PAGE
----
When you say “I wish” you are already raising the white flag and admitting defeat. Every time you say I wish, you’re already telling yourself that you’re not going to do anything more about it.

I’ve been saying for years that I wish I had more stock footage clips online that could be licensed and generate some income for me. I literally have dozens of hard drives with footage on them but I have to create clips from the footage, put them on a new hard drive and ship them to my stock footage agency. Then, I have to load up each clip once it’s on my stock footage agencies servers and type in descriptions and keyword each clip before they go live online.

Returning from Montana last November, I had some great wildlife and scenic footage and of course I looked at it all and said “I wish that stuff was online so it could be licensed” The last time I had sent in a hard drive of footage was back in 2012!

I realized that “I wish” wasn’t getting clips on-line so I told myself that “I WILL” get those clips online and started working on going through all the footage from the Montana trip and created over 200 clips.

My stock footage agency hadn’t been resting while I was wishing I had more footage with them. They updated their site and created a way that I could quickly upload clips right from my computer to their servers! No more mailing hard drives!!

Sunset in Montana

Sunset in Montana

I uploaded all 200+ clips which was like 74GB of data and told myself that I will keyword at least 20 clips a day until they are all keyworded and online ready to be licensed. Some days I only did twenty clips, other days I did many more. Eventually all 200+ clips were online ready to be licensed and generate income.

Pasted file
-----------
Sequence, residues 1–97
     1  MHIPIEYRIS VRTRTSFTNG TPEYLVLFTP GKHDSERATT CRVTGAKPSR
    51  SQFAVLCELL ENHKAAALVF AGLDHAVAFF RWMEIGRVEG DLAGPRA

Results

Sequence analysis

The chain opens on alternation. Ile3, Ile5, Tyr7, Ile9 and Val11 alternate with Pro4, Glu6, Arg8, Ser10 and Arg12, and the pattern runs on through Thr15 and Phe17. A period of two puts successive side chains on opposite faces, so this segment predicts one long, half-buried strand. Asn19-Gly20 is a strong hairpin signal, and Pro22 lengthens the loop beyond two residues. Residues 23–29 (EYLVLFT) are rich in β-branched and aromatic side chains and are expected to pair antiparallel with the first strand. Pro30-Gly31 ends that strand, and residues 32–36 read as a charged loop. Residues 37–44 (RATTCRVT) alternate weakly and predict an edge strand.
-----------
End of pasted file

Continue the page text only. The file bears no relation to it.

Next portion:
Last year I was saying “I wish I could film in some tallgrass prairies that I haven’t filmed in before”.  Guess what? I did some research and found some great prairies not too far from me that I have never visited before. Guess where I’m going to film this Summer?

Every time you stop saying I wish and start saying I will or I can you replace dreams and hopes with reality and action.

Wish you could be a better filmmaker? Then start saying I WILL get out and shoot more, I WILL learn from what didn’t work and find out how to make it better.

I think the thing about saying I wish is that we don’t feel we can change anything or make a difference. For instance, if you say you wish you could go to Africa and film, it’s not as easy for most of us to just book a flight and safari, take off from work and go.  But by saying I will go to Africa and film wildlife you can start setting small goals for yourself that will get you there. If you follow through on those small goals you will be filming wildlife in Africa

We tend not to see the journey as a series of steps but as going from Point A to Point B with nothing in-between. So if we can’t go straight to filming in Africa we feel it’s not obtainable so we appease ourselves by saying I wish.

So to throw my hat in the ring of “I Will”, I’m going to stop saying I wish I could finish my tallgrass prairie film to “I WILL finish my tallgrass prairie film this year. There, I said it and now I’m accountable to myself and you to take the steps needed to go from I wish, to I will!

A little bonus to show you the power of saying “I will” is that Alex’s brother Billy and sister Chelsea that are in the photo with Alex, well they’ve been rescued and are safe as well!

Three little kitten lives saved because I simply stopped saying I wish I could help them and decided that I will help them. If I can help make that happen half a world away, imagine what you can do with the camera that’s sitting right next to you!

So let me hear about what you WILL be doing with your filmmaking in the comments below!

"Hobbes" Photo by Kevin J Railsback

“Hobbes” Photo by Kevin J Railsback

And as always, shoot the ordinary and make it extraordinary!

Kevin J Railsback is a wildlife and nature filmmaker